ARABTERM, as the fruit of a collaboration between the Federal Ministry for Economic Cooperation and Development (BMZ) and ALECSO, adopts the same terminological policies and standards for creating and arabising terms as the BCA. These are a set of 18 concept-oriented standards that govern the classification of fields and sub-fields, the criteria for term selection (linguistic economy, ease of use, derivability, etc.), the techniques used to avoid synonymy and ambiguity, etc. However, the application of such standards remains a not-so-easy task, especially given the fact that Arab countries have different historical and cultural backgrounds and speak different dialects, which influences their choice and creation of new terminology. That is why on ARABTERM we opt for a policy that allows us to cite – when necessary – the different equivalents of a certain concept in the different countries and their dialects, while of course putting the standardised/unified term as the main equivalent.
- Because of the particularities of the Arabic language (e.g. letters written right to left, but numbers written left to right), linguists may not be able to enjoy all the advantages technology has to offer. Do you have this problem? How do you deal with it? What kind of CAT tools does ALECSO use to create corpora?
No, we do not have this problem at the Bureau. We used to use Microsoft Excel and Access to manage terminology databases, and both these software programmes support Arabic writing and even have an Arabic interface available. I personally never noticed the difference when switching from English or French into Arabic. Today, we have developed our own platform for terminology management, corresponding to our specific methodological needs and offering equal technical advantages for all the languages used.
- On the ARABTERM website there is a link to useful linguistic tools, including IATE. Could you please tell us what the general opinion is of this database and the linguistic work of the European Parliament in the Arabic language context?
IATE is undeniably one of the richest, most reliable terminological databases available online. At the Bureau, we rely largely on this tool for the revision of English and French equivalents. As I mentioned earlier, the BCA has developed its own platform for terminology management, offering its users a tremendous number of terminological resources. Thanks to IATE, we have now enriched it with more than 600 000 terms, made accessible for free and downloadable via the website.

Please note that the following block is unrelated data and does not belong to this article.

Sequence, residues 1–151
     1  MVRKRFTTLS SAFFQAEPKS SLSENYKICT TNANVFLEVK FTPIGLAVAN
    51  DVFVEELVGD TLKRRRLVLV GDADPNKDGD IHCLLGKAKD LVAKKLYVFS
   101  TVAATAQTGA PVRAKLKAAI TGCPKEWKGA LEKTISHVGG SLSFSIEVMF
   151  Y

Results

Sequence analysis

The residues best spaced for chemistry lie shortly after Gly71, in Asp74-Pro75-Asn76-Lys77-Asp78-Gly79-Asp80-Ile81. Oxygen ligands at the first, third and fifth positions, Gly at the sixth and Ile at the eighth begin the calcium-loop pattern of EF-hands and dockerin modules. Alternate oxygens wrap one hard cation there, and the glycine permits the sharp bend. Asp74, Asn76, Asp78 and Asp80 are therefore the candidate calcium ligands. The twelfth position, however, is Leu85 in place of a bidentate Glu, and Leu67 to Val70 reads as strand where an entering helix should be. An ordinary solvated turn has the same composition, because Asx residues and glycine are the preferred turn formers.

With the growing interest in the Arabic language, especially in European countries, the addition of Arabic equivalents to the database can be very useful for IATE users. Recently, the BCA has contributed to the revision and review of a list of Arab organisations, a list that is meant to be at the disposal of IATE translators with some knowledge of or interest in Arabic. The BCA and ALECSO are open to any new forms of collaboration that could link our institutions, and are ready to share their expertise in the field of terminology and lexicography.
- Arabic is the official or co-official language in 22 countries and one of the official languages of organisations such as the United Nations (UN) and the African Union (AU); it is also one of the most widely spoken languages in the world. What advice could you give to aspiring terminology managers who want to deal with the Arabic language?
My only advice would simply be to “GO FOR IT”. Nowadays, there is a growing demand for Arabic terminologists and translators. Because of the strategic and economic importance of the Arab market, more and more companies are investing in Arabic (translating manuals, games, localising software and apps, etc.). To conclude, I would say that Arabic has an outstanding capacity to adapt to developments in any field because of its derivability. Moreover, what makes Arabic intriguing is that the language used today is nearly the same as that which has been used for more than 15 centuries. So, when you work on Arabic, you are opening endless doors towards learning and discovery thanks to an incomparably rich heritage of books and resources that are easy to read and understand.
Interviewer, Ana Bennasar
Born in La Laguna (Tenerife, Spain), she holds a degree in Translation and Interpreting at the University of Las Palmas de Gran Canaria with Spanish, French, English, and Arabic as her main working languages. Since 2010, she has been collaborating as a translator for several international organizations and NGOs to improve her professional skills in the field of translation of texts about human rights, immigration, and international cooperation. Ana is interested in law and finance, especially in regions such as Africa, the Middle East and Europe, and she recently finished a MA in Institutional Translation and obtained the ECQA certificate in terminology management.